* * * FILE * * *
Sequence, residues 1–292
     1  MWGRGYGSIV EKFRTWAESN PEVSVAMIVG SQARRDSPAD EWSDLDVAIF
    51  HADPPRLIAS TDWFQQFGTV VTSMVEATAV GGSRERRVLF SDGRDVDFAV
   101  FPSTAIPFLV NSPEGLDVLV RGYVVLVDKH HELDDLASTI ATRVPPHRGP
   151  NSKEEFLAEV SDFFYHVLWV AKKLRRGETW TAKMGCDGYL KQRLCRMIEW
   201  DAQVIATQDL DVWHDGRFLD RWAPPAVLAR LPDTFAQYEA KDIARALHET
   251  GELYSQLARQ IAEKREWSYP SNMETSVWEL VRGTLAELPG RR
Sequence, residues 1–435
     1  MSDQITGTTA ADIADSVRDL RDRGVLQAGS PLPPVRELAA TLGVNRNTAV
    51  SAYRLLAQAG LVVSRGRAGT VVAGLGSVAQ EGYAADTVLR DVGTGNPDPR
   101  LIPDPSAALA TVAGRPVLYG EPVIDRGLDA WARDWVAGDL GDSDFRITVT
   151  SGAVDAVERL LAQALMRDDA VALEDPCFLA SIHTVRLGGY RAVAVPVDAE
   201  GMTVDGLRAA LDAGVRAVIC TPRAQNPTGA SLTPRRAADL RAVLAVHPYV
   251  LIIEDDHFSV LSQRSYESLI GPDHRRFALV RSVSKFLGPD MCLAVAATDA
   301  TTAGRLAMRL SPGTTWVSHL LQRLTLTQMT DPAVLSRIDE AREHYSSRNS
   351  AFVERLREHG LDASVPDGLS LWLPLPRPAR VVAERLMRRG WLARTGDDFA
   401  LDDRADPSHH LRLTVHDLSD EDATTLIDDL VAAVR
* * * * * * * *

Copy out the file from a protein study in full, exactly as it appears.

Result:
Sequence, residues 1–292
     1  MWGRGYGSIV EKFRTWAESN PEVSVAMIVG SQARRDSPAD EWSDLDVAIF
    51  HADPPRLIAS TDWFQQFGTV VTSMVEATAV GGSRERRVLF SDGRDVDFAV
   101  FPSTAIPFLV NSPEGLDVLV RGYVVLVDKH HELDDLASTI ATRVPPHRGP
   151  NSKEEFLAEV SDFFYHVLWV AKKLRRGETW TAKMGCDGYL KQRLCRMIEW
   201  DAQVIATQDL DVWHDGRFLD RWAPPAVLAR LPDTFAQYEA KDIARALHET
   251  GELYSQLARQ IAEKREWSYP SNMETSVWEL VRGTLAELPG RR
Sequence, residues 1–435
     1  MSDQITGTTA ADIADSVRDL RDRGVLQAGS PLPPVRELAA TLGVNRNTAV
    51  SAYRLLAQAG LVVSRGRAGT VVAGLGSVAQ EGYAADTVLR DVGTGNPDPR
   101  LIPDPSAALA TVAGRPVLYG EPVIDRGLDA WARDWVAGDL GDSDFRITVT
   151  SGAVDAVERL LAQALMRDDA VALEDPCFLA SIHTVRLGGY RAVAVPVDAE
   201  GMTVDGLRAA LDAGVRAVIC TPRAQNPTGA SLTPRRAADL RAVLAVHPYV
   251  LIIEDDHFSV LSQRSYESLI GPDHRRFALV RSVSKFLGPD MCLAVAATDA
   301  TTAGRLAMRL SPGTTWVSHL LQRLTLTQMT DPAVLSRIDE AREHYSSRNS
   351  AFVERLREHG LDASVPDGLS LWLPLPRPAR VVAERLMRRG WLARTGDDFA
   401  LDDRADPSHH LRLTVHDLSD EDATTLIDDL VAAVR